Nerve Root Stimulation May Help Back Pain More

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Nerve Root Stimulation May Help Back Pain More

Nerve Root Stimulation May Help Back Pain More

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Before receiving the device, most patients rated their pain as an 8 on a scale of one to 10, with 10 being the worst. For most patients, the device reduced pain by 33 percent, which was significant, the researchers reported.


In addition, patients said they experienced a 27 percent reduction in disability or limitations on daily activities caused by pain. In all, 94 percent of the participants said the treatment was beneficial.


The procedure was not without complications. Five patients needed to have the wires implanted again, two patients had them removed because they were infected, and one had the device removed because of a complication.


McCarthy said the therapy is not widely available, even though it was approved by the FDA in 2016. At the moment, its use is confined to more advanced medical centers where doctors have been trained in how to implant and regulate the device.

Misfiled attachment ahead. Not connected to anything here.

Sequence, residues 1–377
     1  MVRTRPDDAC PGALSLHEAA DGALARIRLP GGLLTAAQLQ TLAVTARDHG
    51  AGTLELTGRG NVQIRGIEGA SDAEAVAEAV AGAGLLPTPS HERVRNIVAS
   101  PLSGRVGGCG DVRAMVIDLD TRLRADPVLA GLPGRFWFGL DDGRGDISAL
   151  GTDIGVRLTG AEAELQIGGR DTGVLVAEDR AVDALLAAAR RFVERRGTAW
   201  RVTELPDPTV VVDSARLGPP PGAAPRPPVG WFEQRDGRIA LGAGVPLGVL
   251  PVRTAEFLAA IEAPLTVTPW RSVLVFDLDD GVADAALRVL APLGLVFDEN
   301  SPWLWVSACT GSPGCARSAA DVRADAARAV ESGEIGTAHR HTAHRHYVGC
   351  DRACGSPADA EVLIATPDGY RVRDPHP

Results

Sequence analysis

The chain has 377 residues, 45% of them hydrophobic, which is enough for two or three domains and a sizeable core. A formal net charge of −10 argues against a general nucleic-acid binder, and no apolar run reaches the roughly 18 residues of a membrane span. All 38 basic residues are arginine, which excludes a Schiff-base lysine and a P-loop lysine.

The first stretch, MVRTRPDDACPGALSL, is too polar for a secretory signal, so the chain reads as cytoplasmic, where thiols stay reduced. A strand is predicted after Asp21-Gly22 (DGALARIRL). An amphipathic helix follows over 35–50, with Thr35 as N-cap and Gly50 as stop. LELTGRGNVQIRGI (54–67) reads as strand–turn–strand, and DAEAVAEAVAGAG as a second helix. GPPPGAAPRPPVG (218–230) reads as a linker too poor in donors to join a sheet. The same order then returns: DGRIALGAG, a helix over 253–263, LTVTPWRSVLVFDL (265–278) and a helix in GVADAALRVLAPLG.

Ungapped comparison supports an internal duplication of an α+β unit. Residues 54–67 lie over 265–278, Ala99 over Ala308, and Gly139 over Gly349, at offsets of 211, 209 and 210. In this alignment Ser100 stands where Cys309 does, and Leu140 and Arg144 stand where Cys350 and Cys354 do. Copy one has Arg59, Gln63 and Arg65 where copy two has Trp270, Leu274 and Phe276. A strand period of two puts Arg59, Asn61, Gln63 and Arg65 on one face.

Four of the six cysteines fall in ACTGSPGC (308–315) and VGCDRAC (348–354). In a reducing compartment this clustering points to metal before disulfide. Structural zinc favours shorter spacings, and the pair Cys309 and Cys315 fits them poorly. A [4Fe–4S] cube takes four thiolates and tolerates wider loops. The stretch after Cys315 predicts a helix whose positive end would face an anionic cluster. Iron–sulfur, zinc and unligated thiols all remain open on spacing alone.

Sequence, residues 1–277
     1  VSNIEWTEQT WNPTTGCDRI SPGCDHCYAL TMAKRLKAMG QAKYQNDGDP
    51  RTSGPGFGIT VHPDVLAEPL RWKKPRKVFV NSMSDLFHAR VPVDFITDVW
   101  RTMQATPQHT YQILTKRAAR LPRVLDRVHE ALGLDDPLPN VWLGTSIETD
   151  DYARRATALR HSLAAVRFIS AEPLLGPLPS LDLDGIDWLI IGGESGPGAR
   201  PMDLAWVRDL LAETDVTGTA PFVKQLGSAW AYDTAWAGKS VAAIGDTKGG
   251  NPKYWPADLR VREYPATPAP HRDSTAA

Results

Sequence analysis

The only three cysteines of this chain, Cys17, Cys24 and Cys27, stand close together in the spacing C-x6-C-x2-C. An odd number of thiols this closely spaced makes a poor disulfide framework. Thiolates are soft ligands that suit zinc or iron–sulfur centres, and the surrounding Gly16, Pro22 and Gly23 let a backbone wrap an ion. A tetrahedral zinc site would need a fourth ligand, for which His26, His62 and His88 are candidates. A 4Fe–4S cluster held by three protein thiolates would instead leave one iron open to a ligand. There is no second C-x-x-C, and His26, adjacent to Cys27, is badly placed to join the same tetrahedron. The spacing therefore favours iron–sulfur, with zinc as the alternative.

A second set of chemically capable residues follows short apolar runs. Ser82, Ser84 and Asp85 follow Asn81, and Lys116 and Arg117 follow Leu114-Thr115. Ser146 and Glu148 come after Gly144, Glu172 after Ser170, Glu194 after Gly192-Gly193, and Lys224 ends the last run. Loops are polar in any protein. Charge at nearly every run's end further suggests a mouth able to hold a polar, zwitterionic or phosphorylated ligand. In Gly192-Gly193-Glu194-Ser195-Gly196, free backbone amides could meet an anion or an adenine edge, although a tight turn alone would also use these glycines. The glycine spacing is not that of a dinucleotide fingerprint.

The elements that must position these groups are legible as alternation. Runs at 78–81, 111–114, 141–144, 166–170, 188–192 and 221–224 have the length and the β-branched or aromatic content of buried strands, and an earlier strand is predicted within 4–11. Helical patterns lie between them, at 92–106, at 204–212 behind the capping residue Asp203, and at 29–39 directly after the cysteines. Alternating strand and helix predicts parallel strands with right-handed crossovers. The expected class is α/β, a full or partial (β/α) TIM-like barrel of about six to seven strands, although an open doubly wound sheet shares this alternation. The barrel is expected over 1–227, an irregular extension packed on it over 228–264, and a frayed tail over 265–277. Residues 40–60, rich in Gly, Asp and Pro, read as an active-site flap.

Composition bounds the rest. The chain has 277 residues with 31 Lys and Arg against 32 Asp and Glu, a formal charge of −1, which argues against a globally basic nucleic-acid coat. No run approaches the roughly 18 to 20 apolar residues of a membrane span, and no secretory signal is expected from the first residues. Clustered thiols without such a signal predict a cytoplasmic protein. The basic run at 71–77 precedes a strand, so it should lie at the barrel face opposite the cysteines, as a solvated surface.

Also, the procedure isn't covered by all insurance companies, so out-of-pocket costs to patients can be very high. It is, however, covered by Medicare, he said.


For uninsured patients, the cost of having spine stimulation devices can range from $15,000 to $50,000 or more, according to a 2008 report funded by the Washington State Department of Labor and Industries.


Spine stimulation is usually approved only after patients have not responded to other treatment, according to Blue Cross Blue Shield. Other insurance companies may have varying policies.


McCarthy hopes that more doctors will be trained in the procedure and that it will become more available, especially because it has the potential to allow patients to stop taking opioids to control their pain.


One pain specialist not involved with the study saw the benefits of this procedure.


"The results of this study are very significant," said Dr. Kiran Patel, director of neurosurgical pain at Lenox Hill Hospital in New York City.


It shows long-term data that patients experienced significant pain relief and functional improvements, she said.


"In my pain practice and career, dorsal root ganglion stimulation therapy has been one of the most effective technologies available to combat chronic pain," Patel said.



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